Beaverton, OR—In its first earnings miss in 22 quarters, Nike Inc. reported Thursday that its fourth quarter profit fell 7.6% as marketing costs increased and sales slowed.
For the quarter ended May 31, the athletic apparel, accessories and footwear giant posted net income of $549 million, or $1.17 a share, from $594 million or $1.27 in the same quarter a year ago.
Net income rose 12%to $6.47 billion. Excluding foreign currency fluctuations, Nike Brand saw sales increase14% “driven by growth in all geographies, key categories and product types.” Revenues for other businesses grew 16%.
Although revenue from China rose 18% to $667 million, Nike expects growth to moderate and said it has too much inventory in the region and sales were down 25% from third quarter.
Sales Slow in Europe, China
But Nike missed analysts’ average estimate for earnings of $1.37 a share on sales of $6.51 billion.
“We’ll see continued uncertainty in the global economy,” said Mark Parker, Nike’s ceo. “Commodities and labor costs will continue to fluctuate; currency pressure is increased, especially in Europe and the emerging markets. China’s economy is expected to grow more slowly than we’ve seen over the past five years.”
In January, responding to higher costs, Nike had a widespread price increases to help margins. But the increases weren’t enough to offset inflation, narrowing gross margin 1.5 percentage points to 42.8%.
Parker said sales slowed in Europe, which accounts for about 25% of total revenue, as consumers pulled back on spending due to austerity measures and recession in the Eurozone.
Nike also increased its spending in marketing by 23% to $760 million for product launches coinciding with the European Football Championships and the Summer Olympics in London. And operating overhead expenses increased 6% to $1.2 billion due to additional investments in the company’s direct to consumer and wholesale businesses.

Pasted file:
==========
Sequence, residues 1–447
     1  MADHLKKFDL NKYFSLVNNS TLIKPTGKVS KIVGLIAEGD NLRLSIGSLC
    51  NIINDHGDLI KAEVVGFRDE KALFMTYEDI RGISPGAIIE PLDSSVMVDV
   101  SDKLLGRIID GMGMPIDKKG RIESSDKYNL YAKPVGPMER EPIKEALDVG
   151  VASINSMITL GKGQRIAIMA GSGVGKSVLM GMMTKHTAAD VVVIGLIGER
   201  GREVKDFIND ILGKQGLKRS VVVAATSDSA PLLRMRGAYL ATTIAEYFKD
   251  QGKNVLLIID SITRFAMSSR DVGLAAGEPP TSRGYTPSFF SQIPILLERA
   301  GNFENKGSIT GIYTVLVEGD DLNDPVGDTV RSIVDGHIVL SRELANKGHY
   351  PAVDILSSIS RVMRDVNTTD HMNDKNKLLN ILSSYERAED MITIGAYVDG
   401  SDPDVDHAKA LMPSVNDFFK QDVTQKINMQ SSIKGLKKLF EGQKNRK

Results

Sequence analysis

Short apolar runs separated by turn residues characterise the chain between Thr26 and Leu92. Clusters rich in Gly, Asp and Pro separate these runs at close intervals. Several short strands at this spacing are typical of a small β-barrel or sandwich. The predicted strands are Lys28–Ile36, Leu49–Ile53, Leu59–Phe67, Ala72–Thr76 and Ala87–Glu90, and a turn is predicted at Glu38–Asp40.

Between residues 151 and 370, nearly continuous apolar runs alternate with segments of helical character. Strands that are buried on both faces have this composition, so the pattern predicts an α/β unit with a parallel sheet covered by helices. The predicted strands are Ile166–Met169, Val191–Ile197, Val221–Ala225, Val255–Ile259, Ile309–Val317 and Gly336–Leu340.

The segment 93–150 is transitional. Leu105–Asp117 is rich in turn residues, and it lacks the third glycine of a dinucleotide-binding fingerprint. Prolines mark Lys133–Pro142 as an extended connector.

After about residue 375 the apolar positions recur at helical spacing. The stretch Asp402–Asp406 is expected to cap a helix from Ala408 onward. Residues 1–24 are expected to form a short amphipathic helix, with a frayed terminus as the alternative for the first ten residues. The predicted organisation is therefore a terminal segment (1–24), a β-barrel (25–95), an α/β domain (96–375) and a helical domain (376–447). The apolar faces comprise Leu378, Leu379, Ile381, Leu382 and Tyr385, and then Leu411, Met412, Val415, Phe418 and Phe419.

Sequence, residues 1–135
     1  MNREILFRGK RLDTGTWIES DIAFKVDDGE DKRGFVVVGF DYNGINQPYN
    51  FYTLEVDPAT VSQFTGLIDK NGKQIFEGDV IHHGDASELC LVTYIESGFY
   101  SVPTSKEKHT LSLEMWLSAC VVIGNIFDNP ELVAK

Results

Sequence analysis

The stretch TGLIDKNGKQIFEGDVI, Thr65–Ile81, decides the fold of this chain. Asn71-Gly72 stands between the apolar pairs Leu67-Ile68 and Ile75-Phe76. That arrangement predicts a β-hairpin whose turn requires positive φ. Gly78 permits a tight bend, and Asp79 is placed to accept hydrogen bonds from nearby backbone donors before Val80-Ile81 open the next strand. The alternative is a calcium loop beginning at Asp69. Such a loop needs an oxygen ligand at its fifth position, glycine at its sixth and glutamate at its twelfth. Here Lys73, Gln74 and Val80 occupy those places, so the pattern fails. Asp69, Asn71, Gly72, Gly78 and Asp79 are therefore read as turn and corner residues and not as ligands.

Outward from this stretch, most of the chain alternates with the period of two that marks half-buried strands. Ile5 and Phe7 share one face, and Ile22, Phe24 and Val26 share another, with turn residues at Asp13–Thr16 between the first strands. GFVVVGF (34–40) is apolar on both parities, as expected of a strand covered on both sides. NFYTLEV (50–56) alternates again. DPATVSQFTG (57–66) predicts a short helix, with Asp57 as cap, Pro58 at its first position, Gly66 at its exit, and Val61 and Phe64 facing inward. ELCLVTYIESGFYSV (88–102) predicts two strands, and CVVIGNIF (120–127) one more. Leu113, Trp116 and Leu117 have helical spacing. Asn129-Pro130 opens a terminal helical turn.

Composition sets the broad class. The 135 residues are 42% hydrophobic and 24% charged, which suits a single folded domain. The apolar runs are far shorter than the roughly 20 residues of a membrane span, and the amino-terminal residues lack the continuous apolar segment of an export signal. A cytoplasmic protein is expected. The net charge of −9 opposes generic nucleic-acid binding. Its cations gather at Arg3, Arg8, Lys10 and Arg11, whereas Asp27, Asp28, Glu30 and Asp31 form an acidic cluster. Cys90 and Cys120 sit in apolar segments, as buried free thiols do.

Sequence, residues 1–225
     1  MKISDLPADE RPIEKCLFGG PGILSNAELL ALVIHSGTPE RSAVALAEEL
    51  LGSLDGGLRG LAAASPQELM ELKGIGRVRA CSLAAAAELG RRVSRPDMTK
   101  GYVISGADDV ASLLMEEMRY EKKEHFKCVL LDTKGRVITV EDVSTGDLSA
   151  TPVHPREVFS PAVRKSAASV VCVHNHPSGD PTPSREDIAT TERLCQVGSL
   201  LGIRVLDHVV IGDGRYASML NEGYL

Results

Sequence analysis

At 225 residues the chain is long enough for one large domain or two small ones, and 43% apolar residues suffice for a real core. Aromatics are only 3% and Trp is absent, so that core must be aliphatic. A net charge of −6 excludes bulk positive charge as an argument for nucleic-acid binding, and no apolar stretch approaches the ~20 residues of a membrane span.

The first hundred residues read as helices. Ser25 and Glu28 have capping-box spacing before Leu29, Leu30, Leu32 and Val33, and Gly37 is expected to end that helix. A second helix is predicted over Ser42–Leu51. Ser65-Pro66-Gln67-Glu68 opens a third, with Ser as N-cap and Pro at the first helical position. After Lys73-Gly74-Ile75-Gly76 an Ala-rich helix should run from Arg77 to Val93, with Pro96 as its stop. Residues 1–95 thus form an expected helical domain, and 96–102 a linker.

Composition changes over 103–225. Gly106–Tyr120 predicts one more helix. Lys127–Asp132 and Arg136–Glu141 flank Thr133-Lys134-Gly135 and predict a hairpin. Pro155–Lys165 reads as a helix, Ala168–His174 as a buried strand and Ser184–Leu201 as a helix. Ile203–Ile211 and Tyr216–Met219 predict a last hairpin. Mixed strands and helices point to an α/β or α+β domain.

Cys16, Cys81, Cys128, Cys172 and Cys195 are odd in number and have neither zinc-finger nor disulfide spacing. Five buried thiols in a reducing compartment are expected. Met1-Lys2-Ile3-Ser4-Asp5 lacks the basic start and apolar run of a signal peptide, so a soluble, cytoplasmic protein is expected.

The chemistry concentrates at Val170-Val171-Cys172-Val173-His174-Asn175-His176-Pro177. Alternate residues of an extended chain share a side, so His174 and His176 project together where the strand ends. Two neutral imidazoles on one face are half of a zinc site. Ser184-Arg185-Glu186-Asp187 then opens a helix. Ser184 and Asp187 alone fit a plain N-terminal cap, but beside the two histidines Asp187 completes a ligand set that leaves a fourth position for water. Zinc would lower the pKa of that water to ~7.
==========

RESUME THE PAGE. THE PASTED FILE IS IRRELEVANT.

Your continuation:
Nike’s sales and profit miss spooked retail analysts and its shares fell in early trading today. Not to mention the company posted a 23% increase in inventories, raising the specter that Nike may be to discounts if demand declines.
“We would not be buyers of the stock because of concerns sales growth will slow and the risk that Nike” will be left with a glut of inventory after the Olympics, Camilo Lyon, an analyst for Canaccord Genuity, said.
Cole Haan, Umbro to Be Divested
ISI Group analyst Omar Saad said sales at Nike “may no longer be enough for investors to overlook the company’s perplexing ongoing margin pressure.” And the margin miss leaves him “a little concerned that this highly sophisticated, dominant, global consumer company does not have as good a handle on its costs as one would hope.”
Nike also recently announced it plans to divest its Cole Haan and Umbro brands to focus on building Nike, Jordan, Converse and Hurley brands.
For fiscal 2012, Cole Haan and Umbro together contributed $797 million in revenues and a combined loss before interest and taxes of $43 million. This compares to fiscal 2011 combined revenues of $745 million and a loss before interest and taxes of $18 million.